Fall 2022 - HUM 277 OL01

History of Greek Civilization (3)

Class Number: 6242

Delivery Method: In Person

Overview

  • Course Times + Location:

    Location: TBA

Description

CALENDAR DESCRIPTION:

Surveys the history of Greek civilization from Mycenaean Greece to the twentieth century. Students who have taken HIST 307 under this topic or HIST 277 or HS 277 may not take this course for further credit. Breadth-Humanities.

COURSE DETAILS:

From Homer’s Odysseus to Alexander the Great, the Greeks elaborated the idea of the hero and created stories that still inspire. This exceptional individual, however, would not count for much if they were not actively engaged in the social, political, and cultural drama that defined the history of Greece from c.1600 BCE to the end of the Hellenistic Era in 30 BCE.

This course follows the socioeconomic and political evolution of Greek civilization from the time of the Minoans, in Bronze-Age Crete, to the end of the Hellenistic era brought about by the Romans. It examines the outcomes of migrations, the rise of cities, development of trade, economy, and colonialism in the Ancient Greek world situated in wider Mediterranean context. Throughout the semester, students learn about the shifts in power relations between different city-states in Greece, as well as the influence of non-Greek cultures in the development of a specifically Greek identity. Through common faith, language, and a sense of shared ancestry the Greeks developed the notion that they faced a wider world which they understood to be essentially different from their own. The inevitable contact between the Greeks and “the other” led to conflicts but also encouraged cultural exchange, which helped shape a distinctly Hellenic civilization.

By engaging in an in-depth reading and analysis of primary sources, students are exposed to questions of historical significance that are important not only for understanding the Ancient Greek world. By reading and writing about these documents, students will be introduced to the processes by which historians derive interpretative conclusions from primary source material and will deepen their understanding of the vital analytical tools that promote critical thinking.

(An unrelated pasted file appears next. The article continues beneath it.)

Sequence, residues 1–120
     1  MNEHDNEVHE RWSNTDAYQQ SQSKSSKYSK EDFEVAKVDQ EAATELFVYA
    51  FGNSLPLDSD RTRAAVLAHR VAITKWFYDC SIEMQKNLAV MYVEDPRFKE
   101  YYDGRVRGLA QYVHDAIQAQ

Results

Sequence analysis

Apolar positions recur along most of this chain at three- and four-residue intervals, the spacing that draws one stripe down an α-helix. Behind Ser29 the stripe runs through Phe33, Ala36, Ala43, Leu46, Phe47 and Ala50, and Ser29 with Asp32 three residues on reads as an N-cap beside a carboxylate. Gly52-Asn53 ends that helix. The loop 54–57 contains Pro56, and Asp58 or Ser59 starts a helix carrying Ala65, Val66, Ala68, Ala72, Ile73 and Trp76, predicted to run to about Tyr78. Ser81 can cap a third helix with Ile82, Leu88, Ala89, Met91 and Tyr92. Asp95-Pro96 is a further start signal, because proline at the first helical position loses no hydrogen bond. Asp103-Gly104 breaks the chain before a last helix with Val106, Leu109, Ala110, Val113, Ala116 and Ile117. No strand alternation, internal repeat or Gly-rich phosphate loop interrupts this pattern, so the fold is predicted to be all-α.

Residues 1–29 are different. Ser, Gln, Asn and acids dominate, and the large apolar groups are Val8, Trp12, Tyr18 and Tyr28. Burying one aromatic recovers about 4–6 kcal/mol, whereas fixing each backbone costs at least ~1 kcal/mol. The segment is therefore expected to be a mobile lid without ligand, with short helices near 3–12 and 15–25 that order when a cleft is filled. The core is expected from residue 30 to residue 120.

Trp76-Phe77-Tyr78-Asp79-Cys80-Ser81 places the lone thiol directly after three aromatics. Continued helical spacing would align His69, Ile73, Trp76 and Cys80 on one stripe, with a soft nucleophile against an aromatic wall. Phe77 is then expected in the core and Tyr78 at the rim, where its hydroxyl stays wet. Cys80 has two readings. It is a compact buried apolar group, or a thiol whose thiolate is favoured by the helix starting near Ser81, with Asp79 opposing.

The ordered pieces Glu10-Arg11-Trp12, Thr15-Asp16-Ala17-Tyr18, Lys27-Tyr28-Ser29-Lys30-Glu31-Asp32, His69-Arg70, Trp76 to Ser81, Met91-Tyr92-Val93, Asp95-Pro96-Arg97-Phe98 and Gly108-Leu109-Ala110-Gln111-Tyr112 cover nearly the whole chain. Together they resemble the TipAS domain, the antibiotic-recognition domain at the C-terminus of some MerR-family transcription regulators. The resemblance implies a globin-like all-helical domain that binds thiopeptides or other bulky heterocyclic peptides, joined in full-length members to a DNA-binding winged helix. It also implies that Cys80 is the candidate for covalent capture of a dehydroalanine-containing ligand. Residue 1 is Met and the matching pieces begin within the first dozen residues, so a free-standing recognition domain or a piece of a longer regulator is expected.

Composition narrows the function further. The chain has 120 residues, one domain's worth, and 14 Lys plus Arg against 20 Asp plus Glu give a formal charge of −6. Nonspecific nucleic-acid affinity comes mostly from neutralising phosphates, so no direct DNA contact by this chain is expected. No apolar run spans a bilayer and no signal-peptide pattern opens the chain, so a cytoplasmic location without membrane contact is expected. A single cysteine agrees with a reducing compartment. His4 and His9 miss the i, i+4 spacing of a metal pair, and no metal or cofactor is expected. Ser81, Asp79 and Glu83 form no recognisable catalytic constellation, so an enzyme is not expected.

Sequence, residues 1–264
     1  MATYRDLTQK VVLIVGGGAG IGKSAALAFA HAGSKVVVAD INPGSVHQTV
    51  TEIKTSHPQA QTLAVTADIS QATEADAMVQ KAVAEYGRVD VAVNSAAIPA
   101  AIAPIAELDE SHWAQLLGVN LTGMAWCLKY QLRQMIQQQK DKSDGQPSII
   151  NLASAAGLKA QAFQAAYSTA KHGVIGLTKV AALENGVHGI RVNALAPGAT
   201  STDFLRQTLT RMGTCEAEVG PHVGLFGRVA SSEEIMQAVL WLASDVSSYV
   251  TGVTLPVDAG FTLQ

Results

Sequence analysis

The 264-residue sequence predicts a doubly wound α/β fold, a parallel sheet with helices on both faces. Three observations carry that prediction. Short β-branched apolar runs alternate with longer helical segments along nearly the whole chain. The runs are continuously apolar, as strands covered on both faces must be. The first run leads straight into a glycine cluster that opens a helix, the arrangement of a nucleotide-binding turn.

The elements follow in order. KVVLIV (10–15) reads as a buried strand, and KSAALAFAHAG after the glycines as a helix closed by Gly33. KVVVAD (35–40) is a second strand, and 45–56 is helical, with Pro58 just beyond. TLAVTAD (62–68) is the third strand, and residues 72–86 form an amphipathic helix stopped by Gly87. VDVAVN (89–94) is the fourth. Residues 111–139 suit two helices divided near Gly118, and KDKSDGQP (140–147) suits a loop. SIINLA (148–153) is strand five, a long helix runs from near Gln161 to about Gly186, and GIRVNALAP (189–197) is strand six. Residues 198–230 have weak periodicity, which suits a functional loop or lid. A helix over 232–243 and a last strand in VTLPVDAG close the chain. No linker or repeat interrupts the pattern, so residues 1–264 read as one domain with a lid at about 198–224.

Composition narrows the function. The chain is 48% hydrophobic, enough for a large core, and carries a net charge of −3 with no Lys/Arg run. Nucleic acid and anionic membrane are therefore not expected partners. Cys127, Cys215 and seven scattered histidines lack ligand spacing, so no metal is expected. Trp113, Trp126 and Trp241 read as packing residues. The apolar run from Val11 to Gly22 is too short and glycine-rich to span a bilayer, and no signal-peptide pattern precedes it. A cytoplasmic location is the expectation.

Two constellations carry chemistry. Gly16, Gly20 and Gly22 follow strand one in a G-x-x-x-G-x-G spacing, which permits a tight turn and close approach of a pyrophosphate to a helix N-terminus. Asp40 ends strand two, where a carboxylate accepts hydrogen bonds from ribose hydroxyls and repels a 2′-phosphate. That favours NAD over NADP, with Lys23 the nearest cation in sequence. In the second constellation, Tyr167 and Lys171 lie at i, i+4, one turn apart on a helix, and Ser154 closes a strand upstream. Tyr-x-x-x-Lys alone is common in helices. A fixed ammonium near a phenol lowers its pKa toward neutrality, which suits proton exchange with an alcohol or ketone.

The course will be entirely online with prerecorded lectures released every Monday at 7:00am.

Grading

  • Quizzes 30%
  • Online Discussions 10%
  • Primary Source Analysis 25%
  • Final Exam 35%

NOTES:

This course counts towards a concentration in Hellenic Studies for students in a Humanities major or minor program as well as the Hellenic Studies Certificate.

Materials

REQUIRED READING:

All course materials will be provided via Canvas in accessible URL and PDF formats.


Registrar Notes:

ACADEMIC INTEGRITY: YOUR WORK, YOUR SUCCESS

SFU’s Academic Integrity web site http://www.sfu.ca/students/academicintegrity.html is filled with information on what is meant by academic dishonesty, where you can find resources to help with your studies and the consequences of cheating.  Check out the site for more information and videos that help explain the issues in plain English.

Each student is responsible for his or her conduct as it affects the University community.  Academic dishonesty, in whatever form, is ultimately destructive of the values of the University. Furthermore, it is unfair and discouraging to the majority of students who pursue their studies honestly. Scholarly integrity is required of all members of the University. http://www.sfu.ca/policies/gazette/student/s10-01.html